She then launched The Middle Finger Project, a blog and online course hub, which has provided tens of thousands of young “women who disobey” with the tools and mindset to give everyone else’s expectations the finger and get on your own path to happiness, wealth, independence, and adventure.
In her first book, Ash draws on her unconventional personal story to offer a fun, bracing, and occasionally potty-mouthed manifesto for the transformative power of radical self-reliance. Employing the signature wit and wordsmithing she’s used to build an avid following, she offers paradigm-shifting advice along the lines of:
• The best feeling in the world is knowing who you are and what you’re capable of doing.
• Life circumstances are not life sentences. If a Scranton girl who grew up in a trailer park can make it, so can you.
• What you believe about yourself will either murder your chances or save your life. So why not believe something good?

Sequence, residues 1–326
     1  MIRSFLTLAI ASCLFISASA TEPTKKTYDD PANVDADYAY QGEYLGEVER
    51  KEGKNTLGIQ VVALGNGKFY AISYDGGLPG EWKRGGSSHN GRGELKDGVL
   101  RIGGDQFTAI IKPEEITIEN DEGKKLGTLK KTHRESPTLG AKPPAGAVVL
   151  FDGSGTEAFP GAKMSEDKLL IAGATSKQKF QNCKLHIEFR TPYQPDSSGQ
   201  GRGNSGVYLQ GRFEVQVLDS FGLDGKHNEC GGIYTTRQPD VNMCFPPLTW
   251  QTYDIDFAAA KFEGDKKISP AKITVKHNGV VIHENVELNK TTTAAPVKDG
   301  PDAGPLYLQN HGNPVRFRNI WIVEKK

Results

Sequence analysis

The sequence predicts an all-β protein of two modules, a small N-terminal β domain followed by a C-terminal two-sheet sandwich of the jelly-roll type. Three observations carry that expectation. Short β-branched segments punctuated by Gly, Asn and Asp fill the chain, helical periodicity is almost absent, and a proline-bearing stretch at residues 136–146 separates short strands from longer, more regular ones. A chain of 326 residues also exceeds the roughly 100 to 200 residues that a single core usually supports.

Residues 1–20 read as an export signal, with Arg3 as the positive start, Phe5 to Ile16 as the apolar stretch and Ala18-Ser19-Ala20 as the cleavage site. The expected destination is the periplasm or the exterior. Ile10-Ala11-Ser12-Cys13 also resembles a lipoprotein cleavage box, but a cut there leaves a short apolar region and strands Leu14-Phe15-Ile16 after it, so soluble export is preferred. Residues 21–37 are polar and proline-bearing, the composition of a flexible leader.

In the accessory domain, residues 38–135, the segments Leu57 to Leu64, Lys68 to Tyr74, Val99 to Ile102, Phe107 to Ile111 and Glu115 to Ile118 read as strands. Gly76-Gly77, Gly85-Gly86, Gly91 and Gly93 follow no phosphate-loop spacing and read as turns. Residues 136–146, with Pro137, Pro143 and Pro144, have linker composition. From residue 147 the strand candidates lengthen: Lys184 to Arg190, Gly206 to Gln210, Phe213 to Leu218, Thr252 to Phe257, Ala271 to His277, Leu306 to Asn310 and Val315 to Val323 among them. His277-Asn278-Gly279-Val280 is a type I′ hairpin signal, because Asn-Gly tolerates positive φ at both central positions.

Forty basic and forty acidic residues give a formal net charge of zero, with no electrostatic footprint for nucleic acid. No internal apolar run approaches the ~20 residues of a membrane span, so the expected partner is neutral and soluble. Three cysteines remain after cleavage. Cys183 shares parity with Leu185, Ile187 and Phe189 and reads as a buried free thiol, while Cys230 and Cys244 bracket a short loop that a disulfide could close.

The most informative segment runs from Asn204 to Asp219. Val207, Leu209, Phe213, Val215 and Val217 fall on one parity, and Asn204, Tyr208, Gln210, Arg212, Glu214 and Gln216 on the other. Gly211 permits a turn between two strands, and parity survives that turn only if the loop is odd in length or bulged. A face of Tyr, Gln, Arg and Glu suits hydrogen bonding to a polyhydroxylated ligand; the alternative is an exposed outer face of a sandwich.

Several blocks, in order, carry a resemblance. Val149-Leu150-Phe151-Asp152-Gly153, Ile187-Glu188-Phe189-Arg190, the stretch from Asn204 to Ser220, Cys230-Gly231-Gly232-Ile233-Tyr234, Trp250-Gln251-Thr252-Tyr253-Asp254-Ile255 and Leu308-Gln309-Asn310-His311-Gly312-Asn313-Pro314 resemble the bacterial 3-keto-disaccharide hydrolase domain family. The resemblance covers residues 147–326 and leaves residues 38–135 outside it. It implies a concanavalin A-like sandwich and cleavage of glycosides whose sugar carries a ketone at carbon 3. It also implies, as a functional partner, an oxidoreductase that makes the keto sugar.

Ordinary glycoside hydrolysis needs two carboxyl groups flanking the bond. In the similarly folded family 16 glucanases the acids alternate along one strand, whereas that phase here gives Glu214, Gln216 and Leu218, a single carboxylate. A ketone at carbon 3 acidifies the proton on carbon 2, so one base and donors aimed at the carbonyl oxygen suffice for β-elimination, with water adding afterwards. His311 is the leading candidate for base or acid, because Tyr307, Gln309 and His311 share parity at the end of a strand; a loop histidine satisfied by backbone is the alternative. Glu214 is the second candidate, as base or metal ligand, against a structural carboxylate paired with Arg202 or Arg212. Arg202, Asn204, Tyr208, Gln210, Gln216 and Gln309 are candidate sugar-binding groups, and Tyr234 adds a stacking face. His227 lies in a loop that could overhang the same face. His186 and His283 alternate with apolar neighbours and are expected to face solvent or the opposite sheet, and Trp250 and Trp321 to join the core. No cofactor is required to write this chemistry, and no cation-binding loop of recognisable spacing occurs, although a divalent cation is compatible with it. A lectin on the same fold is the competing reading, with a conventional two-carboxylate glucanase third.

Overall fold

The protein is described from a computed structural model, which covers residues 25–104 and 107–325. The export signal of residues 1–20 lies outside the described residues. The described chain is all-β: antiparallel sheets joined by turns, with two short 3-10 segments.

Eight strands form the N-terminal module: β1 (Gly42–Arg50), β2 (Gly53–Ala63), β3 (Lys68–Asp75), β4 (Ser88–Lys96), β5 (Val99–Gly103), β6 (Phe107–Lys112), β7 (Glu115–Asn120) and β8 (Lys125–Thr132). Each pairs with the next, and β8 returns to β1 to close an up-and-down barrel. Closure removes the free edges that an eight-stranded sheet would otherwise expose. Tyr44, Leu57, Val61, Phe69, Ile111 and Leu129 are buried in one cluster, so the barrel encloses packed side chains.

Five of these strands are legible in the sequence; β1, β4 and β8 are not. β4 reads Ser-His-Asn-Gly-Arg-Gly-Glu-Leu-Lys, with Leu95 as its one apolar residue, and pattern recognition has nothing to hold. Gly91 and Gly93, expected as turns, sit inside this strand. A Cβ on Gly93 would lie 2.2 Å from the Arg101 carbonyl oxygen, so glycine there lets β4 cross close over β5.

• You don’t need a high-ranking job title to be authorized to contribute. You just need to contribute.
• Be your own authority. Authority only works as long as you trust that someone smarter than you is making the rules.
• The way you become a force is by being the most radically real version of yourself that you can be.
• You only have 12 f*cks a day to give, so use them wisely.
Who wouldn’t want to master the art of being their own authority? This novel is fun, fresh and on-the-nose. We all struggle with imposter syndrome, women in particular, and Ambirge will help you overcome this with The Middle Finger Project. Pulling from her own experiences, she inspires and instills hope in any woman (or person, for that matter) that is ready to break free of the shackles of the own worry that they aren’t good enough. Ambirge is inspiring both in matters of business, and life in general, with a down-to-earth and to-the-point read that will have you disobeying, making your own rules, and setting up your own business. The f-bombs are far from off-putting and instead come across as honest, because who hasn’t dropped a few of late? Ambirge doesn’t pretend that getting what you deserve is easy, either, and highlights the dangers and fears rather than hiding them. But this, too, is refreshingly honest and transparent. You’ll trust Ash, and most importantly, you’ll trust yourself. Go get this book and then go get your life!